Using Prusa Slicer to produce Gcode for a Creality Ender 3.

This is the third post in a series plotting the development of an ultra-simple plate from design in Freecad, processing the STL file using Prusa Slicer through to printing on a Creality Ender 3 3D printer. The first post in the series is HERE. In the previous post (Here) we produced a project of our 3D plate with two holes. Now we need to export it from Freecad as an STL file we can process it using Slic3r-PU

Load the Freecad project in Freecad if you haven’t already. Select it by clicking on the lowest level (in our case the pocket in the application window) The object goes green when selected. Then in the Files menu click export. Export it as an STL file. We are now done with Freecad.

Prusa Slicer

WE now need to use the STL file to produce a gcode file that will drive our Creality Ender 3 or other 3D printer. One of the free programs that can do this is called Slic3r. A development of Slic3r code-base is Prusa Slicer. As I use an Creality Ender 3, I use Prusa Slicer (also called Slic3r-PU) which has all the set up for an Ender 3 already done.

 

Slic3r-PU has a number of pre-configured set-up for popular 3D printer manufacturers. The Creality Ender 3 set up is still in Beta but I have never had an issue with it. Use the configuration Wizard to set up for your 3D printer. If you are unlucky and there isn’t a pre-configured option for your printer you can set it up yourself. Try this site for more details and links.

When you’ve been through the selection Wizard you will end up with a display that looks like this ( or similar if you are not using a Creality Ender 3)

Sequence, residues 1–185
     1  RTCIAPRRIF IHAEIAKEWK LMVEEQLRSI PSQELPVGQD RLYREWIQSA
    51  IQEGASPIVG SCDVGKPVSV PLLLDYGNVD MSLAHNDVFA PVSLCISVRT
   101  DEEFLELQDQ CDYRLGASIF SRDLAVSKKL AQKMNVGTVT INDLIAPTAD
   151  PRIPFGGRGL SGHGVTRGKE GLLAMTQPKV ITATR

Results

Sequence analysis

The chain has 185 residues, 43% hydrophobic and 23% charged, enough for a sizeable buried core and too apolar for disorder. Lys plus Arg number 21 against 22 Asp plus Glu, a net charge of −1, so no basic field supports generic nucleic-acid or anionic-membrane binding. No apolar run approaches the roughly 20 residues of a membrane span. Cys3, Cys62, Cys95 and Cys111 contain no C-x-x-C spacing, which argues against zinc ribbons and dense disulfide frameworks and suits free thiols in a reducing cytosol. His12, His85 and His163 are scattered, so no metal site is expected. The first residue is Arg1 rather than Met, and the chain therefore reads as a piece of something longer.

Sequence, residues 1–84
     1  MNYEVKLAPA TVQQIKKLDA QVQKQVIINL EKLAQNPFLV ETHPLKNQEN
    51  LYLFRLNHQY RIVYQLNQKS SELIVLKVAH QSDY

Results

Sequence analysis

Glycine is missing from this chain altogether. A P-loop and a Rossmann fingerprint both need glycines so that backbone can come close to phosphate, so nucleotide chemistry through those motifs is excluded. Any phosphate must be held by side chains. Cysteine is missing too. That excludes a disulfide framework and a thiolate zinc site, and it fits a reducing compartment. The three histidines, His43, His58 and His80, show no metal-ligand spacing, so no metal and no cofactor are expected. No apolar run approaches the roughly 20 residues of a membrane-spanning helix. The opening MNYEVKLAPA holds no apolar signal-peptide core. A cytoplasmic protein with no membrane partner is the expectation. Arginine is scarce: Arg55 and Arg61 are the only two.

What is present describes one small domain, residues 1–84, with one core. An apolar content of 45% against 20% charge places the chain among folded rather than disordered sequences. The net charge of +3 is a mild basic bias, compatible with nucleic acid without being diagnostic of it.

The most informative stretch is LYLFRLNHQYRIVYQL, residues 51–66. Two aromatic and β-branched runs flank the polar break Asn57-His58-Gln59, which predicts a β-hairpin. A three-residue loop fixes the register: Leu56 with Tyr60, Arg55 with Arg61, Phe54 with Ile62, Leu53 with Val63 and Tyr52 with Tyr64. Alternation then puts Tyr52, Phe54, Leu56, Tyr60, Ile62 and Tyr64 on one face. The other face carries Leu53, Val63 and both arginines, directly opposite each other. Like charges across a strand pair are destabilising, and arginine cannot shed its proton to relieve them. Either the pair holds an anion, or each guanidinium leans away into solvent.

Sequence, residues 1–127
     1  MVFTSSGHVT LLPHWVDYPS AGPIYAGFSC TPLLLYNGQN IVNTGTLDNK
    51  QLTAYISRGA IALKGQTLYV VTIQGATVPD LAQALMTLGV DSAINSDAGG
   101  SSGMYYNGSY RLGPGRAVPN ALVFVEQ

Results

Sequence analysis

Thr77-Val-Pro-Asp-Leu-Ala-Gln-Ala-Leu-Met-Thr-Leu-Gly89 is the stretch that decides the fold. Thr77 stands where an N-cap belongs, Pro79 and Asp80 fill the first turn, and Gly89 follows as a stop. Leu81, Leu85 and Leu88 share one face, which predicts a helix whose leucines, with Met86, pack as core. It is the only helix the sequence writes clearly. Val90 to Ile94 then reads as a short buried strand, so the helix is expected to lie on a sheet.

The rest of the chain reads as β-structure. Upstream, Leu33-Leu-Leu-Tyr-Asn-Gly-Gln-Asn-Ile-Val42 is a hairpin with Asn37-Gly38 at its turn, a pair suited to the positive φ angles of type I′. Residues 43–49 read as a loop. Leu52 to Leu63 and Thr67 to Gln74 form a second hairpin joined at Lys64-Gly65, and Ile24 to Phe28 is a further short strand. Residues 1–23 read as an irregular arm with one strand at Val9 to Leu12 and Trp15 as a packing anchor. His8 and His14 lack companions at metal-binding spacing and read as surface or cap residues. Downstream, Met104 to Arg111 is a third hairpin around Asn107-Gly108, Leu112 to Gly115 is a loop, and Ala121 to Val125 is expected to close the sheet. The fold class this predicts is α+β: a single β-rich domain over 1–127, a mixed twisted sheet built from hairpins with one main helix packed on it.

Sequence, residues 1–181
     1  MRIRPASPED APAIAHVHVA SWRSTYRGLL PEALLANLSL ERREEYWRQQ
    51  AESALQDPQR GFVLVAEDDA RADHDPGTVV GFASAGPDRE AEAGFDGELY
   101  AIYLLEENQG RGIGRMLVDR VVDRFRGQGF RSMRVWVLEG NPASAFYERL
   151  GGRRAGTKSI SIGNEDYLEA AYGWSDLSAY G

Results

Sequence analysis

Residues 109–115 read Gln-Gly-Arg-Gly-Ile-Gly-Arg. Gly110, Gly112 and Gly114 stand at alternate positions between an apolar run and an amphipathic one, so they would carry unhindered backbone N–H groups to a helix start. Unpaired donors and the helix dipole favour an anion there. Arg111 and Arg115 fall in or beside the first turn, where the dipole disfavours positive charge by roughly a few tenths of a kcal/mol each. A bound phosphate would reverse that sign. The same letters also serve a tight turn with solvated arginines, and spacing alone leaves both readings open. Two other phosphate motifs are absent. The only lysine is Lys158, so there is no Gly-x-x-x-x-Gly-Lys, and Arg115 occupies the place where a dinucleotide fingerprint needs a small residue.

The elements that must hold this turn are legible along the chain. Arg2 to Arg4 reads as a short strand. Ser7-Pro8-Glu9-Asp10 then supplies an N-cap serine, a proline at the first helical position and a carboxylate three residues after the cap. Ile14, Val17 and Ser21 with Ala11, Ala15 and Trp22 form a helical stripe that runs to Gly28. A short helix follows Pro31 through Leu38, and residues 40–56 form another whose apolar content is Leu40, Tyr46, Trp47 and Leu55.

Prusa Slicer with Creality Ender 3 set up
Prusa Slicer with Ender 3 setup chosen

Now we need to import the STL file. Go to the file menu and select import and navigate to your STL file. When it is imported you will get a set up that looks like this:

Note this image is not our actual design but a similar one with bigger holes

As this will have been imported flat you are ready to go.

BUT…

Face Down!

Assume you had imported a piece that needed turning around for some reason. You need to ensure one of the faces is face down on the plate otherwise the machine will happily try to print a corner in thin air. In this case utilise the face-down tool highlighted here on the left.

As we haven’t changed the position of out simple design we can just slice it. On the bottom far right click the “slice now” button. With this simple piece this will take no time at all. When it has been sliced the same button will allow you to export the gcode file. Now we are done with Slic3r.

Finally we need to use Pronterface/printrun or a memory card to get the gcode to the Creality Ender 3.

See next post Here.

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